Maelestes is a prehistoric shrew-like mammal discovered in 1997 in the Gobi Desert. The animal lived in the late Cretaceous Period, around 71-75 million years ago, and was a contemporary of dinosaurs such as Velociraptor and Oviraptor. According to some scientists, the discovery and analysis of this species suggests that true placental mammals appeared near the time the non-avian dinosaurs became extinct 66 million years ago, not much earlier in the Cretaceous as thought by others. However, the presence of an epipubic bone, among other characteristics, place it as a non-placental eutherian.

Epipubic bone

Epipubic bones are a pair of bones projecting forward from the pelvic bones of modern marsupials and most non-placental fossil mammals: multituberculates, monotremes, and even basal eutherians. They first occur in non-mammalian cynodonts such as tritylodontids, suggesting that they are a synapomorphy between them and Mammaliformes.

<i>Vincelestes</i> Extinct family of mammals

Vincelestes is an extinct genus of actively mobile mammal, that lived in what would be South America during the Early Cretaceous from 130—112 mya, existing for approximately 18 million years .

Dryolestida Extinct order of mammals

Dryolestida is an extinct order of mammals; most of the members are mostly known from the Jurassic to Paleogene, with one member, Necrolestes, surviving as late as the early Miocene. They are considered members of the clade Cladotheria, close to the ancestry of therian mammals. It is also believed that they developed a fully mammalian jaw and also had the three middle ear bones. Other than that, not much is known about them, this is because their fossils are made up mostly of jaw and tooth remains.

Leptictida Extinct order of mammals

Leptictida is a possibly invalid extinct order of placental mammals. Their classification is contentious: according to cladistic studies, they may be (distantly) related to Euarchontoglires, although they are more recently regarded as the first branch to split from basal eutherians. One recent large-scale cladistic analysis of eutherian mammals favored lepictidans as close to the placental crown-clade; and several other recent analyses that included data from Cretaceous non-eutherian mammals found Leptictis to belong to the superorder Afrotheria.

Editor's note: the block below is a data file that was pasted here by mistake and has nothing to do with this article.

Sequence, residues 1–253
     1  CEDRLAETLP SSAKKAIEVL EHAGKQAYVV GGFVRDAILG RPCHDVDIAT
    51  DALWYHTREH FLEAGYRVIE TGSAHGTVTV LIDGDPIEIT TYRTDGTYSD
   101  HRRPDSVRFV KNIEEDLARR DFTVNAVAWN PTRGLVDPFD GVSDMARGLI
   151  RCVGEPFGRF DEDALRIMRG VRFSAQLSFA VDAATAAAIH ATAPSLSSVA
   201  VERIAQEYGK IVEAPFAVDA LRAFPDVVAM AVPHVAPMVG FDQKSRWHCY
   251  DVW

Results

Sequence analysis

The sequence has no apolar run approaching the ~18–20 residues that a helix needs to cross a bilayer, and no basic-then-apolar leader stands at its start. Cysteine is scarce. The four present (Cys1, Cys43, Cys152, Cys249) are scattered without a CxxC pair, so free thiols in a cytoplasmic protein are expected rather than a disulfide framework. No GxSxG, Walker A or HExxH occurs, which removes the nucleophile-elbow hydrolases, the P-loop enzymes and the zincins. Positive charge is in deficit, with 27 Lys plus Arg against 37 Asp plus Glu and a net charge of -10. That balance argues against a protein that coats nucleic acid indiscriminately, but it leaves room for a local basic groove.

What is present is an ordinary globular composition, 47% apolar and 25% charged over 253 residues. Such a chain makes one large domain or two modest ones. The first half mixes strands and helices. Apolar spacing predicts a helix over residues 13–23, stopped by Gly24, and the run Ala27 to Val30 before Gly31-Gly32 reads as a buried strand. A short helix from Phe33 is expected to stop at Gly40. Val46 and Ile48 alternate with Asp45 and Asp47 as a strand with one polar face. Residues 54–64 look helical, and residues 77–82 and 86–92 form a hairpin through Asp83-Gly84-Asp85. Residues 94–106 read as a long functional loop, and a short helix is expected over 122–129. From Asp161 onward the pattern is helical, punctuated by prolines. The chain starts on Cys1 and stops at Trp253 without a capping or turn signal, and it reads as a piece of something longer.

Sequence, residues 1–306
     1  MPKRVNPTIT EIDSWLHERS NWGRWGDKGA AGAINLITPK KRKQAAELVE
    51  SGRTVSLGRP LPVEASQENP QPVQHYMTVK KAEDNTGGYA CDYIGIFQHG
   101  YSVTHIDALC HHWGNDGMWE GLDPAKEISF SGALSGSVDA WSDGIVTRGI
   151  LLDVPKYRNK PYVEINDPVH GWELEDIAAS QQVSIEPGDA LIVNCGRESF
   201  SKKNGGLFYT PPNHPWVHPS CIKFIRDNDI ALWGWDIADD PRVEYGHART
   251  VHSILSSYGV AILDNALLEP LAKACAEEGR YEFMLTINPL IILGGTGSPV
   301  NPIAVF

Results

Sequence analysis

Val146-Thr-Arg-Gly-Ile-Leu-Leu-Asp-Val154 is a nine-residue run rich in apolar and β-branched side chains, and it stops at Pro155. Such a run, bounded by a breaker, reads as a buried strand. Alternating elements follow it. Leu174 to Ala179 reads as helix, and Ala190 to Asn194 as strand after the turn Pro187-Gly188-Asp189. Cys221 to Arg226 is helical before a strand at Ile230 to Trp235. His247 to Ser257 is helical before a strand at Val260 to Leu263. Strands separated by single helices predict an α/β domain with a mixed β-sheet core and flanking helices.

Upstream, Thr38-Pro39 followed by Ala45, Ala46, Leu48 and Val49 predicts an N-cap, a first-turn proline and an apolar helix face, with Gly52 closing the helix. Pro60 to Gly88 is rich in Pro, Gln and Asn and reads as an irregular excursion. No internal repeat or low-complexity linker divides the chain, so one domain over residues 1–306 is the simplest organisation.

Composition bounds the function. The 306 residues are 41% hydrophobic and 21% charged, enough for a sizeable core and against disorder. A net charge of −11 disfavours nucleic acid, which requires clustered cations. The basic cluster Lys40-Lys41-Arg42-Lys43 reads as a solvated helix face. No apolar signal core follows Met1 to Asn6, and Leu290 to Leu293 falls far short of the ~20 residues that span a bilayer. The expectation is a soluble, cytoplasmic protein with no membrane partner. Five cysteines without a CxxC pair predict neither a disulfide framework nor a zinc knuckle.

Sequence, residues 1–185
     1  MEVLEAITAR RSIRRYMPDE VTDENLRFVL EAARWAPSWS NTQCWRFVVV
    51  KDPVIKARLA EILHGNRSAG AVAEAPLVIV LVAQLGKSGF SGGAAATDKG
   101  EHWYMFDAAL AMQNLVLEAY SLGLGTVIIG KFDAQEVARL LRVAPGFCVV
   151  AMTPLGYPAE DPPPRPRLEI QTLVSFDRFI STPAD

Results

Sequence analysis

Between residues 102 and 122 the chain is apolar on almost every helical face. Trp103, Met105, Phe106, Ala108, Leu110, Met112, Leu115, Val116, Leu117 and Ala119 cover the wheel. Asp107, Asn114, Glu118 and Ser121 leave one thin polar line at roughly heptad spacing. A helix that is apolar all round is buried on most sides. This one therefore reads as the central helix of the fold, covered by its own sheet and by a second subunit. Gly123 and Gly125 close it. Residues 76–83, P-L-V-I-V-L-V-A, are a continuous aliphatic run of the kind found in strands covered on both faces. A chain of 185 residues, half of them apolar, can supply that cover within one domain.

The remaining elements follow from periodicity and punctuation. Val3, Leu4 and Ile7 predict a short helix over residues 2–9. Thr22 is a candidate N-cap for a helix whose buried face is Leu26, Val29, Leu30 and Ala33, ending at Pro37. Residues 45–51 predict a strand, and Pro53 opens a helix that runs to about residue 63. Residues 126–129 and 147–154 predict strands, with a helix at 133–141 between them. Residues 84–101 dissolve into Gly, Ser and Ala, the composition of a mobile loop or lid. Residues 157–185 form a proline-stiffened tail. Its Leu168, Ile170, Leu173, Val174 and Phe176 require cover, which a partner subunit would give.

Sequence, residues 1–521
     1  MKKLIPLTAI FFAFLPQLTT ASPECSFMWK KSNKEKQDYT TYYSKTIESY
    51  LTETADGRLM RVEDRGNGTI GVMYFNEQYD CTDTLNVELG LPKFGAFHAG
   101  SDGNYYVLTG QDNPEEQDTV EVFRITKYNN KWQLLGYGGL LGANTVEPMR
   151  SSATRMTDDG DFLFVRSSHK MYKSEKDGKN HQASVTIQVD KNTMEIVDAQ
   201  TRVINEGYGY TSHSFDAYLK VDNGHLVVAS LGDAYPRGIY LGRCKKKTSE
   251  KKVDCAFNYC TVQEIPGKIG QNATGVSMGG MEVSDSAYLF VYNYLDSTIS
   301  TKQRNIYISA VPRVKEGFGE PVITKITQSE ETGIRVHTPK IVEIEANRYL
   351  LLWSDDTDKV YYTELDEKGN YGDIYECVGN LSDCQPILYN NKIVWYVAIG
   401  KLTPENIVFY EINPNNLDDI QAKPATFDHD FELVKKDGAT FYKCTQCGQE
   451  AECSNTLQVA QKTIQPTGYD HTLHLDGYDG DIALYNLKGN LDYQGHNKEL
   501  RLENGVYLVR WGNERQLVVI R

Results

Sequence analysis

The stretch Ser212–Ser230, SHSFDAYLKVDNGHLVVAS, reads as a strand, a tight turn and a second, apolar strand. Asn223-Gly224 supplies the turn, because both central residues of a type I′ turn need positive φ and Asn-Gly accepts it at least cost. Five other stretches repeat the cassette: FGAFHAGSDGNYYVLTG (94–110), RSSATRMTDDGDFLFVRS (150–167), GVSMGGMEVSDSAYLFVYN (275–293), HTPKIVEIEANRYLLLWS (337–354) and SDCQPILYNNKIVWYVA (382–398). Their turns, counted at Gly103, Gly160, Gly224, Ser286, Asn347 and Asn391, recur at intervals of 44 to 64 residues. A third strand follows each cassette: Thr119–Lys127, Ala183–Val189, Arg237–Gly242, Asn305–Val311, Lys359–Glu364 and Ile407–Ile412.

<i>Necrolestes</i> Extinct family of mammals

Necrolestes is an extinct genus of non-therian mammals, which lived during the Early Miocene in what is now Argentine Patagonia. It contains two species, N. patagonensis and N. mirabilis, and is the most recent known genus of dryolestoid. The type species N. patagonensis was named by Florentino Ameghino in 1891 based on remains found by his brother, Carlos Ameghino in Patagonia. Fossils of Necrolestes have been found in the Sarmiento and Santa Cruz Formations.

Holotheria Extinct clade of mammals

Holotheria are a diverse group of mammals that are descendants of the last common ancestor of Kuehneotherium and Theria.

Marsupionta is a hypothesised subclass within the Mammalia group. The existence of Marsupionta is a postulation by some researchers as a category devolving upon a notional unification between marsupials with the egg-laying monotremes. Under this suggested classification, placental mammals would be the sister subclass to Marsupionta. The Marsupionta hypothesis was proposed in 1947 by W.K. Gregory and has since been the subject of multiple studies. This merging of marsupials and monotremes into the hypothesized subclass of Marsupionta is contrary to the widespread belief that pouch and placental mammals share the common subclass Theria that excludes monotremes.